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ClimateXChange :: Review of separation distances for onshore wind farms

Review of separation distances for onshore wind farms

Author: Vincent Onyango, Barbara Illsley, Mohammad Radfar

Released: September 2013

Scottish Planning Policy is a material consideration which helps planning authorities shape development plans and make decisions on wind farm developments. The potential visual impact of wind farms is an important factor in plan-making and in these decisions. In order to minimise the visual impact of wind farms, the current Scottish Planning Policy (2010) recommends that planning authorities apply a 2km separation distance between potential sites for onshore wind farms above 20MW and the edge of cities, towns and villages. The 2km separation has in general been well received by planning authorities, communities and developers but there is a lack of clarity about the evidence base for setting this specific distance.

ClimateXChange was asked by the Scottish Government to examine the evidence base for the separation distance. The project reviewed a wide range of relevant sources from over 15 countries. It found that most separation distances have been set based on noise, shadow flicker or health considerations, with none specifically relating to visual impacts. The study found no direct link between the evidence and the policy for a 2km separation distance.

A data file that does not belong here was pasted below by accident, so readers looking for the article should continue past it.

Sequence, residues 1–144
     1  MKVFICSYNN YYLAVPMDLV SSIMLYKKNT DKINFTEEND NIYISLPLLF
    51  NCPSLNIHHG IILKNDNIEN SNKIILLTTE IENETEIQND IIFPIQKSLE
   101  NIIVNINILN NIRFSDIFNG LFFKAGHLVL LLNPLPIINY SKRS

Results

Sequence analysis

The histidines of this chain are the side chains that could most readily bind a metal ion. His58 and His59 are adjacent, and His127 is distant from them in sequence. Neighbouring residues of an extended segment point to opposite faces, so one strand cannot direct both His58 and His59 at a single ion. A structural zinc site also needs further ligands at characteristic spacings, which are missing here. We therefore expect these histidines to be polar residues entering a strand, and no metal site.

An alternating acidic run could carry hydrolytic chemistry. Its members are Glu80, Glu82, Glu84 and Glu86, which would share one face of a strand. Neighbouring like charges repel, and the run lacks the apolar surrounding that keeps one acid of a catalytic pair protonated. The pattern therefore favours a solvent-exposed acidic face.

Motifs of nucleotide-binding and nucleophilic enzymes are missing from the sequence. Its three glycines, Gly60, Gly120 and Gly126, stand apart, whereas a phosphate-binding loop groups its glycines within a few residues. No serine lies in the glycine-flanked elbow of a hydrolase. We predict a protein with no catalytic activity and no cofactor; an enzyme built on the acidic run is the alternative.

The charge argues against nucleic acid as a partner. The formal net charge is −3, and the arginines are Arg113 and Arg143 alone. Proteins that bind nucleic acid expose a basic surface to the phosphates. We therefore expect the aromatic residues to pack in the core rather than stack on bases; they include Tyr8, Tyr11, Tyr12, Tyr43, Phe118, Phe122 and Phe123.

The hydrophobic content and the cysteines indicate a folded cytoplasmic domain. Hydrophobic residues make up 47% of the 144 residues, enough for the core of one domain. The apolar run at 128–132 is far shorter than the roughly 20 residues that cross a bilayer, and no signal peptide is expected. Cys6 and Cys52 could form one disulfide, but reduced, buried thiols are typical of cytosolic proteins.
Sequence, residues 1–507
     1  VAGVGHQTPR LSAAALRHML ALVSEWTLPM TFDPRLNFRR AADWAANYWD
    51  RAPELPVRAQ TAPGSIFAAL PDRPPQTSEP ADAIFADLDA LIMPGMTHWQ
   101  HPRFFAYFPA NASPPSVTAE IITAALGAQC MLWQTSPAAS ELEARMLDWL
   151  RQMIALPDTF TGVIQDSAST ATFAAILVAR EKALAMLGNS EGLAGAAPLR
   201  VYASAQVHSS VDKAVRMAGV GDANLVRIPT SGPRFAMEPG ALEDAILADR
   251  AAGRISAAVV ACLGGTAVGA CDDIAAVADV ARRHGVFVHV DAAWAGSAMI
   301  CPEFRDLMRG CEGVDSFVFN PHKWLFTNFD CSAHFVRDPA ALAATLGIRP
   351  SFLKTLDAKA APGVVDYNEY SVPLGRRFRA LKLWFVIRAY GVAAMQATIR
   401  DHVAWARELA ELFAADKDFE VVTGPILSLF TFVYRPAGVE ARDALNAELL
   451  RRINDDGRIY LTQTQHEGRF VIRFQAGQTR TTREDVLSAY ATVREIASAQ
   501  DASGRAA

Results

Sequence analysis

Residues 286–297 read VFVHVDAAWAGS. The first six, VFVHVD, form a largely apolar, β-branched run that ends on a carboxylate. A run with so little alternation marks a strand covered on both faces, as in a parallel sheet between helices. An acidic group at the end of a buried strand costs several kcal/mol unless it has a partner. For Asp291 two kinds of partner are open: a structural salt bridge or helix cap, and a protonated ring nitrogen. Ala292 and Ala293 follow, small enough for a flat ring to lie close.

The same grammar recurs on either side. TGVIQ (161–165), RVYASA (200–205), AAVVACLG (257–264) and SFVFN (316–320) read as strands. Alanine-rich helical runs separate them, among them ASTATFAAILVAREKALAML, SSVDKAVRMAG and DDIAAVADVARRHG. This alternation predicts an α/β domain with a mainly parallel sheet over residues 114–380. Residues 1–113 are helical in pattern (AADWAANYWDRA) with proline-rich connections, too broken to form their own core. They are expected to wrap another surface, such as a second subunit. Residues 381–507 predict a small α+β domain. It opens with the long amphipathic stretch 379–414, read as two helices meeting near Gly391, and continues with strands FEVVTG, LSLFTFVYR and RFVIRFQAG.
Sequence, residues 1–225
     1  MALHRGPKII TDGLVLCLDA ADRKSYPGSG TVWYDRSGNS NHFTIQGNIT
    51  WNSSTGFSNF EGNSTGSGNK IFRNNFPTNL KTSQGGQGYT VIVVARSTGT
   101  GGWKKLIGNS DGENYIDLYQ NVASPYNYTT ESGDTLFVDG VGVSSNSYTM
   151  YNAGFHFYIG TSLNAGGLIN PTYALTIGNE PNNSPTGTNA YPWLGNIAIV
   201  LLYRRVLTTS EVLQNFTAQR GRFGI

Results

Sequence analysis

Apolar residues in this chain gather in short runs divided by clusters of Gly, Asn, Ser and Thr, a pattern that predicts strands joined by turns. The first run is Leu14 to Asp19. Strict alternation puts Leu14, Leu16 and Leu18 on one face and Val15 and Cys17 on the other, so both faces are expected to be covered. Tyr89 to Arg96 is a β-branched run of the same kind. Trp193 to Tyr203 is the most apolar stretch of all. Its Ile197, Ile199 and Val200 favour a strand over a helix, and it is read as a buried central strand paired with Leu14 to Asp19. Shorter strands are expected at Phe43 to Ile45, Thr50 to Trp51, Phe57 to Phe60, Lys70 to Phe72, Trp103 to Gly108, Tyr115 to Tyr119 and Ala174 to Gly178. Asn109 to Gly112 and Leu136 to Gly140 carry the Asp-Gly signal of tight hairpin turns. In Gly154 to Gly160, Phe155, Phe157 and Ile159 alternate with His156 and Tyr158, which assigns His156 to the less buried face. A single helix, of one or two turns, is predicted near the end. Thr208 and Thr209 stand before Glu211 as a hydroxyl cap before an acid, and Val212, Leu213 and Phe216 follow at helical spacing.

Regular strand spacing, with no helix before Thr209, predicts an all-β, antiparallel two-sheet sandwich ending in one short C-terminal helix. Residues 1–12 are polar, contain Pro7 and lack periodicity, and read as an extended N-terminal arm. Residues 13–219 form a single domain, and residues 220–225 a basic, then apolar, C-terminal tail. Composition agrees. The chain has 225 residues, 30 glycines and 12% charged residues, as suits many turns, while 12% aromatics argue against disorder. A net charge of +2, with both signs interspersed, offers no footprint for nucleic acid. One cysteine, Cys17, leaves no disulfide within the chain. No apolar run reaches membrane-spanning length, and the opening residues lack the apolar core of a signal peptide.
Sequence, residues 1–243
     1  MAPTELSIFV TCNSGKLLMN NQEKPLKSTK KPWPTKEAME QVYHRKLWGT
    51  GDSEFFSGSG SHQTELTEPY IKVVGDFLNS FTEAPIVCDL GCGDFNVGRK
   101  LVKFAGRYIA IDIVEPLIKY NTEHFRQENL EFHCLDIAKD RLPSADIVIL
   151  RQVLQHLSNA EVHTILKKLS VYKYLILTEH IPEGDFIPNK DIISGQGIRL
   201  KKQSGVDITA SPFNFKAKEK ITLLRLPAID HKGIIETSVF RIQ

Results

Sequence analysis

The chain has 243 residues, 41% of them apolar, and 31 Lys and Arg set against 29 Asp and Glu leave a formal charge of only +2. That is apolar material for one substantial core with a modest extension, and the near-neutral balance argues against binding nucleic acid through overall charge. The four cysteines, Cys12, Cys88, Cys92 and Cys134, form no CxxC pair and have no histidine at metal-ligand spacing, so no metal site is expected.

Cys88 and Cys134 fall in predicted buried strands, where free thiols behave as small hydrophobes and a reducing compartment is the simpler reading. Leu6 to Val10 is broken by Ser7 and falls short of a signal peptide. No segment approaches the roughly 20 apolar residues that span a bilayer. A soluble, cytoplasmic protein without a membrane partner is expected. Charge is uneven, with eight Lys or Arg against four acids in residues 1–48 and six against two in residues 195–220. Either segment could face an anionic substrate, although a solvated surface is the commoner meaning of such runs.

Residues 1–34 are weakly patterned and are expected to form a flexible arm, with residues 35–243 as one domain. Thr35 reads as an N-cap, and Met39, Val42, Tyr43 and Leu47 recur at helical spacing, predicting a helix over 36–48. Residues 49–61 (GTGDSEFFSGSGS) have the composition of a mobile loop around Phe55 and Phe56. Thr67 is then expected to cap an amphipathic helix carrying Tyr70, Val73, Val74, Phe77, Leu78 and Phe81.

The size of onshore wind turbines has been increasing and is expected to increase in coming years. This study therefore also looked at whether there is evidence to support an increase in the 2km distance to reflect this trend. It found that, even in the few cases where visual impact had been a key consideration for setting separation distances, no reference had been made to turbine heights.

After reviewing UK and international literature on the use of separation distances for onshore wind farms, the study discusses ways that planning policy might be revised, for example:

-          by articulating a clear understanding of the impact of the current 2km distance (positive and/or negative);

-          by finding ways to improve engagement with stakeholders, and ways to better understand the subjective              aspects of how people perceive the visual impact of wind turbines;

-          by expanding the descriptions of the criteria that planning authorities should consider in identifying                        different zones (Para 190 in the current SPP).

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